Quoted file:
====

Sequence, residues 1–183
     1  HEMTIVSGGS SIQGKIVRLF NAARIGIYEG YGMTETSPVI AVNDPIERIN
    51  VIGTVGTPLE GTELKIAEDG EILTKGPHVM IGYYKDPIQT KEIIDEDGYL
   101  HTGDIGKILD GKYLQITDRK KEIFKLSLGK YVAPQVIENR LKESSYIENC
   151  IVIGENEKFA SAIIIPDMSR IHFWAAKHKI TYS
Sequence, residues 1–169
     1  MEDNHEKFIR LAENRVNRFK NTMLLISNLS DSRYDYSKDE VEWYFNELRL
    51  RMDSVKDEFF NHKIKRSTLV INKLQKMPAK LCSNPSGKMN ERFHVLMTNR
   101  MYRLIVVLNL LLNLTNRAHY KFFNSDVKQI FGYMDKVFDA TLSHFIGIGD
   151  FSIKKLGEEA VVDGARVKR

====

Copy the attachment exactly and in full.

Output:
Sequence, residues 1–183
     1  HEMTIVSGGS SIQGKIVRLF NAARIGIYEG YGMTETSPVI AVNDPIERIN
    51  VIGTVGTPLE GTELKIAEDG EILTKGPHVM IGYYKDPIQT KEIIDEDGYL
   101  HTGDIGKILD GKYLQITDRK KEIFKLSLGK YVAPQVIENR LKESSYIENC
   151  IVIGENEKFA SAIIIPDMSR IHFWAAKHKI TYS
Sequence, residues 1–169
     1  MEDNHEKFIR LAENRVNRFK NTMLLISNLS DSRYDYSKDE VEWYFNELRL
    51  RMDSVKDEFF NHKIKRSTLV INKLQKMPAK LCSNPSGKMN ERFHVLMTNR
   101  MYRLIVVLNL LLNLTNRAHY KFFNSDVKQI FGYMDKVFDA TLSHFIGIGD
   151  FSIKKLGEEA VVDGARVKR